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Jacobs, T.J. (2013). Introduction: A Patient Returns. J. Amer. Psychoanal. Assn., 61(5):929-933.
(2013). Journal of the American Psychoanalytic Association, 61(5):929-933
Introduction: A Patient Returns
Theodore J. Jacobs
It is a long-standing tradition in our field for analysts not to initiate contact with former patients. Unless a patient returns for consultation or additional treatment, the analyst has no follow-up information on a treatment. This results in a feeling that all analysts know well: frustration in not knowing how their patients have fared after analysis. How have their lives turned out? Did they sustain the gains they were able to make in analysis, or was there a falling back? Did they continue the work on their own and find solutions to some of the issues that remained unsettled, or only partially settled, at the end of treatment? What about their relationships? Have these improved and become more satisfactory as a result of the analytic work? How, overall, do they now view their analysis? Do patient and analyst see it the same way or very differently? And what role, if any, does the former analyst play in their lives and psyches? Does he or she continue to be a living presence, someone whose voice they still hear and who, in their imagination, they consult with from time to time, or has the analyst become a figure from the past, someone whose voice and image have faded from consciousness? And, finally and perhaps most important, what can analysts learn about their own work, and the analytic process more generally, from obtaining a follow-up of patients they have treated?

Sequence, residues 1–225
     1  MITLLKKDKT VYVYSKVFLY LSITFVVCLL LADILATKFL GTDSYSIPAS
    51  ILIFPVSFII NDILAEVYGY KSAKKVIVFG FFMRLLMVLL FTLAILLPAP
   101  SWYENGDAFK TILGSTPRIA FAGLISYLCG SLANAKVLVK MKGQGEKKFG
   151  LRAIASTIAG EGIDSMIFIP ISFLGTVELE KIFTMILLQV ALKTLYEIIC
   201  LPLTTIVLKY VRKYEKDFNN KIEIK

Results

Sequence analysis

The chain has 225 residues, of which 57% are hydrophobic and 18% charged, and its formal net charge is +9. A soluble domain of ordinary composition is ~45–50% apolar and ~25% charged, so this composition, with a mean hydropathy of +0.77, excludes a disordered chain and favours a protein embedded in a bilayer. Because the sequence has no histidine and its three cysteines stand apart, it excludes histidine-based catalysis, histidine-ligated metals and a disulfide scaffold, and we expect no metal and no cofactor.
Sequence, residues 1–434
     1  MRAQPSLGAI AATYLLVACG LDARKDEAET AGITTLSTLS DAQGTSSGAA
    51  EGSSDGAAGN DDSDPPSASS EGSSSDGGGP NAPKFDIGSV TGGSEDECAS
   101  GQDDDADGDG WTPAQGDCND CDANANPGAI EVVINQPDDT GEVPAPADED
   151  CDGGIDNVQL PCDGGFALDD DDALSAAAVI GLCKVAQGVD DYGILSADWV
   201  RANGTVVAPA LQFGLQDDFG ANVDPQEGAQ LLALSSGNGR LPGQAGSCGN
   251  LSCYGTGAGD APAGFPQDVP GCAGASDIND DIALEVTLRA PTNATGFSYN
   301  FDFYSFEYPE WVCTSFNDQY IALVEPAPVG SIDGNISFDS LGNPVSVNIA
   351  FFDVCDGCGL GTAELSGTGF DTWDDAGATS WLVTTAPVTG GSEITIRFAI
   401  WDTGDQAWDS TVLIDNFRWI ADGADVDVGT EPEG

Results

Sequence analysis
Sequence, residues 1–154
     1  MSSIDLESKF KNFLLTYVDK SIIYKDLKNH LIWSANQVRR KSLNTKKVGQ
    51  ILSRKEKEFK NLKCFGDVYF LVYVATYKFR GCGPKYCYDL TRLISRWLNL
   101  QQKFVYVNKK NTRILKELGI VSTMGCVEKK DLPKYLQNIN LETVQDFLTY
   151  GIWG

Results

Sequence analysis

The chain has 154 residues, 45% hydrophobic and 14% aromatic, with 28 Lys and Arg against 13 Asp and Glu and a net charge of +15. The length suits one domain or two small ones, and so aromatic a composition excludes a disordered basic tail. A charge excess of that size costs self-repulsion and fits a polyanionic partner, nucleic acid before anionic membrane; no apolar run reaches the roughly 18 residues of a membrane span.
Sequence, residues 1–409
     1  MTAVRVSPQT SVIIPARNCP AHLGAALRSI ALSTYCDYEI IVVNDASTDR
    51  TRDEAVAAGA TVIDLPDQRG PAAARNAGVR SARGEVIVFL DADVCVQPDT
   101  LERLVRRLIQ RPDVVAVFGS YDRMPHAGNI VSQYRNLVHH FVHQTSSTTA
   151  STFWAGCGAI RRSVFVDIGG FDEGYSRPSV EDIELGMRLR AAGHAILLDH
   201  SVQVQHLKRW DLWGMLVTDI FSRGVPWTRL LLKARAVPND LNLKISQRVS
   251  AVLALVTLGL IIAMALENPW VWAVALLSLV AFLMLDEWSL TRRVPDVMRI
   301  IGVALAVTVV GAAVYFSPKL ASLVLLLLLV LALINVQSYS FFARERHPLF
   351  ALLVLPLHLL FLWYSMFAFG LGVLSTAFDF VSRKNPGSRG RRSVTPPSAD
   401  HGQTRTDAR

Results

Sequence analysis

In many cases, such questions about former patients remain unanswered. Not only is this a major frustration that analysts must live with; it is also a major impediment to the effective study of the analytic process and the results of analyses. It is for this reason that a number of our colleagues, notably Pfeffer (1961), Schachter and Johan (1989), Oremland, Blacker, and Norman (1975), Kantrowitz (1986), Wallerstein (1986), and Erle and Goldberg (2003), as well as a number of European authors, have conducted follow-up studies. Usually these are not done by the treatment analyst but by a colleague who interviews the patient. Each of these studies, though limited by the fact that the former patients were not seen by the person who treated them, has yielded valuable information.
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